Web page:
Lizard Brain is a shared blog about Science Fiction and Fantasy from Daniel Abraham and Ty Franck.

The Dogs Project: Part Four

by Daniel Abraham

What is the Dogs Project?

“Hey,” Adam said.  “Sorry about that.”

“Well.  Can’t say you didn’t warn me.”

“They mean well.”

“I know,” Charlie said.  “And I appreciate the thought, it’s just . . .”


Adam stood, neither in the room nor out, his expression friendly.  The moment stretched just a little too long.  If Charlie wasn’t looking to talk, it wasn’t an invitation.  If he did want to, then it was.

“They didn’t find them,” Charlie said.  “The dogs who . . . They never found them.”

Adam stepped in the room, sat in the chair beside Charlie’s desk.  Charlie’s fingers hovered over his keyboard, then folded into fists and sank slowly to his lap.  A telephone rang in someone else’s office.

“It bothers you,” Adam said.

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The Dogs Project: Part Three

by Daniel Abraham

What is the Dogs Project?

The effort of going home exhausted him.  The effort of being home.  Charlie had spent weeks in his new nightmare life, and all his things waited for him, unchanged.  It was like walking into his room in his parents’ house and finding all his things from high school still where he’d left them.  The artifacts of a previous life.

Adam had stacked the mail neatly on the dining table.  Charlie sat there, his new aluminum cane against his leg, and went through them, envelope by envelope.  Dickens capered and danced and brought his old fetch toy, a ragged penguin.  Charlie only had the energy to toss it half-heartedly across the apartment a few times, and Dickens seemed to recognize his lack of enthusiasm.  The little dog hopped up on the couch with a sigh, and rested his head on his forepaws for the rest of the evening.

In the morning, Charlie took Dickens on a quick walk around the block, then fed the dog, fixed himself a cup of coffee and a piece of toast, and called a taxi to carry him to work.  The indulgence wouldn’t work as an everyday occurrence, but for his first day back to the office, he didn’t wan’t to push.  And, secretly, it meant one more day before he had to walk down past the strip mall, past the parking lot.  Better to spend a few dollars and treat himself gently.  There would be plenty of time to face unpleasant memories later, when he had more strength.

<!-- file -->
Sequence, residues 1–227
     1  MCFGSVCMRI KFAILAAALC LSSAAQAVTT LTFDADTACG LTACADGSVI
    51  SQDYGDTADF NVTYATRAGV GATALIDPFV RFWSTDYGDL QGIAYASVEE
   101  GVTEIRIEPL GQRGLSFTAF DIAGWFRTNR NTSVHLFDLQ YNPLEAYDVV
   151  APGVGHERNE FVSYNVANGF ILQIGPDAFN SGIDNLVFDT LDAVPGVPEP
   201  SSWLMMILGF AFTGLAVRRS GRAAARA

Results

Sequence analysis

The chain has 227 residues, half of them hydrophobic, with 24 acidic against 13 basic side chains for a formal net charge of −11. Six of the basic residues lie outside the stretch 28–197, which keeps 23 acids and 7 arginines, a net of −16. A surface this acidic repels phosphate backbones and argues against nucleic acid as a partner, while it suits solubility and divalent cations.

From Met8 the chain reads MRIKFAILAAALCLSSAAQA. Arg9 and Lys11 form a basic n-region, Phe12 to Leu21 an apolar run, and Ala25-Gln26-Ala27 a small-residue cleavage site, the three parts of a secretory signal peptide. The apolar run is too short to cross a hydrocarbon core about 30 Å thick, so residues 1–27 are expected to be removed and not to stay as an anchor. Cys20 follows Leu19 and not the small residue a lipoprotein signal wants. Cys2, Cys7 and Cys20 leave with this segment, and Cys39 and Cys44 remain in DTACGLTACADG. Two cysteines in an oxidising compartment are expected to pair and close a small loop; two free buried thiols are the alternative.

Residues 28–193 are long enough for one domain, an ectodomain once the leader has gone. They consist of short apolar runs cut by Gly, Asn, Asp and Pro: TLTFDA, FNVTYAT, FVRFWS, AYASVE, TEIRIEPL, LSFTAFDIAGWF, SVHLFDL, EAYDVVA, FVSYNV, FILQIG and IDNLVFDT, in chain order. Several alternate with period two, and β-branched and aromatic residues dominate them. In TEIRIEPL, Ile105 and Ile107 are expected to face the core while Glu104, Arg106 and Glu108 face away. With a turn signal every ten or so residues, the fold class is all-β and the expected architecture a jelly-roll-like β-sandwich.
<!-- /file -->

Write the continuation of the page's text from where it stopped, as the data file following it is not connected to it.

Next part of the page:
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The Dogs Project: Part Two

by Daniel Abraham

What is the Dogs Project?

[NOTE FROM THE MANAGEMENT: The scene following this is part of a horror story.  It’s violent, unpleasant, and possibly triggering.  You have my permission to skip it.]

It had happened on the walk from his apartment to the bus stop.  The morning air was clean and crisp.  The leaves of the trees still held the rich green of summer, but the morning chill was autumn clearing its throat.  Running late, Charlie trotted along the familiar streets the way he did every morning. Past the corner deli with its hand-drawn signs, past the dog park where he’d take Dickens to run on the weekends, past the little strip mall with the head shop that never seemed to be open and the laundromat that always was.  There was a meeting scheduled for ten o’clock and the quarterly reports needed to have the numbers crunched.  Charlie’s mind ran ahead of him, preparing for the day ahead.

The dogs started following him at the park, and at first, he saw them but didn’t particularly take note.  There were three: a buff-colored hound with long, loose ears and a joyful canine smile; a dane cross, broad-jawed and tall; and a bull terrier whose white fur was so short that the pink of its skin showed through.  They were facts of the landscape, like the grass pushing up from cracks in the sidewalk and the smell of garbage from the dumpster.